Featured Bloom: Tulips
This year’s Tulip Display feels like a jubilant celebration of spring. More than 39,000 blooms highlight the wide range of colors, textures and sizes of tulips (Tulipa). Landscape gardener Duane Otto decided to play with colors for the display, so visitors will discover beds of tulips in complementary, warm, cool and primary colors, as well as a few beds featuring monochromatic colors. He carefully considered the placement of each color theme, so that the beds work together to tell a cohesive color story throughout the display.
Don’t miss the “White Garden” on the terrace in front of the Snyder Building. White tulips will bloom (as of May 3, we’re still waiting for them to open) at the base of the Professor Sprenger Crabapple (Malus ‘Professor Sprenger’), which features white blooms. The main display in the Annual Garden is a visual delight with vibrant colors in a variety of formations.
In addition to selecting tulips for color, Otto incorporated single, double (tulips with extra petals -- sometimes they look more like peonies than tulips), fringed (petals with ruffled edges) and parrot (petals are fringed like feathers with unusual color streaking) to add depth and interest to the displays.
You’ll find tulip displays surrounding the gatehouse and near the entrances to the Oswald Visitor Center and Snyder Building, as well as in the Annual Garden.
What Else Is Blooming
Saskatoon Serviceberry (Amelanchier alnifolia 'Regent')
‘Regent’ is a compact ornamental serviceberry that blooms in early May and is adorned with small white flowers. This shrub is a great addition to the landscape or home garden as it provides an excellent early food source for pollinators.
Shadblow Serviceberry (Amelanchier canadensis)
Growing to heights of up to 20 feet, this small tree/large shrub is native to eastern North America and Canada. The small white flowers will appear before the leaves emerge, which once pollinated, will form into small green berries.
Our Serviceberry Collection is home to multiple species, hybrids, and cultivars. In early May, this collection, just north of the Shrub Walk and off of Three Mile Walk, turns into a sea of white.
Hybrid Magnolia (Magnolia 'Butterflies')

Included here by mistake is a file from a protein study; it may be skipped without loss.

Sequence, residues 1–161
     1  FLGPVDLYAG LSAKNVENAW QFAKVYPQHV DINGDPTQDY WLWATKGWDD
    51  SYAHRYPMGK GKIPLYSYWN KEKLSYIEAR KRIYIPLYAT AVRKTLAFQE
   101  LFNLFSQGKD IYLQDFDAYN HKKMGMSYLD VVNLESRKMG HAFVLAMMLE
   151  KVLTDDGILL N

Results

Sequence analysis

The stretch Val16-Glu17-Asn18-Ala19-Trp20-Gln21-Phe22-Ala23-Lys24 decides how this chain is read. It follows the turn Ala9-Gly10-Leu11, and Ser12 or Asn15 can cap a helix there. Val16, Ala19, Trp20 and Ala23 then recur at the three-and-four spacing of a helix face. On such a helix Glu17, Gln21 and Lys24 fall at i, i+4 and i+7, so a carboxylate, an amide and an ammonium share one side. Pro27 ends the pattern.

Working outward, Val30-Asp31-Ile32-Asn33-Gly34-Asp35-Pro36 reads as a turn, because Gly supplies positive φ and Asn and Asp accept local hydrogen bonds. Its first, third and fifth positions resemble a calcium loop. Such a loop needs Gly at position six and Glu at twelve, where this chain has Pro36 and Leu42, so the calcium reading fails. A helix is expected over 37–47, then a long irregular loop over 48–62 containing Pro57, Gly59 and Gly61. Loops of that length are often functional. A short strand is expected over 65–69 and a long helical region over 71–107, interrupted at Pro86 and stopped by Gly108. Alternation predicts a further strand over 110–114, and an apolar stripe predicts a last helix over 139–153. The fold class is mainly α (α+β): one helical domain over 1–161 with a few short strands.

A cross between M. acuminata and M. denudata, ‘Butterflies’ produces large yellow blooms in early May that are known for their ability to hold onto their color. This small tree is best planted in an area with full sun to part shade.
Clove Currant (Ribes odoratum)
You’ll certainly know when you walk past the clove currant, as its fragrance permeates the air in a several-foot radius from the plant. The small shrub produces vibrant, small yellow flowers that turn into edible fruits.
Our crabapple collection is home to 350+ individual specimens that begin blooming in early May. They bloom in shades of white, pink, and red. Due to the delicate nature of the flowers, a sudden heatwave can wither the flowers quickly. Make sure to stop by the collection to see the show before it’s gone!
Hybrid Plum (Prunus ‘Toka’)
We all know plum trees for their delicious fruit, however, they also provide a beautiful spring floral show, producing small white flowers that provide a sweet fragrance. ‘Toka’ is a small tree that only reaches heights of up to 20 feet.
Moss Phlox (Phlox subulata)
Noted for its creeping habit, Moss Phlox can quickly turn into lush carpets. The flowers most often range in color from pink to purple to white.
Eastern Redbud (Cercis canadensis)
While not the most eye-popping of all spring blooms, redbuds are a bright pink sign that warmth and color are on the way.
Summer Snowflake (Leucojum aestivum)
These dainty, pendulous flowers are often confused for Snowdrops. This plant works well planted in mass with other spring bulbs, especially those that bloom in late spring.
Common Bleeding-heart (Lamprocapnos spectabilis 'Gold Heart')
This gold-leaved form of Bleeding-hearts is an absolute showstopper. This plant will thrive in shadier parts of the garden and most often goes dormant during the middle of the growing season.
Celandine Poppy (Stylophorum diphyllum)
A native plant to North America, this herbaceous perennial blooms in spring and creates a blanket for yellow flowers in moist woodland settings. If planted in a home garden, make sure to plant in a space where it can receive plentiful sun in spring, but be provided shade in the summer.
Large-flowered Bellwort (Uvularia grandiflora)
Blooming in spring, this Minnesota native can easily be spotted in its woodland habitat due to the pendulous shape and yellow flowers. This plant will work best in a garden that offers plenty of shade.
Armenian Grape Hyacinth (Muscari armeniacum 'Blue Spike')
The ‘Blue Spike’ Armenian grape hyacinth is known for its blue and large double flowers. ‘Blue Spike’ is a selection from the species that is known for having the largest inflorescence.
Rhododendron (Rhododendron 'P. J. M.')
A winner when it comes to cold hardiness, ‘P. J. M.’ will create a compact and rounded shape as the shrub matures. When in bloom, flowers are bright pink.
Daffodils can be found in various shades of white to yellow to orange to pink to bicolors, and the flowers generally feature a trumpet or cup, called the corona, surrounded by six petals. We’ve planted more than 150 cultivars of daffodils, with delightful names like ‘Fairy Chimes,’ ‘Cheddar’ and ‘Jetfire.’
Virginia Bluebells (Mertensia virginica)
These beautiful spring ephemerals often create seas of blue blooms. When the flowers first emerge they start off pink and quickly fade to a blue hue. They also serve as an early food source for pollinators.
Updated May 4, 2021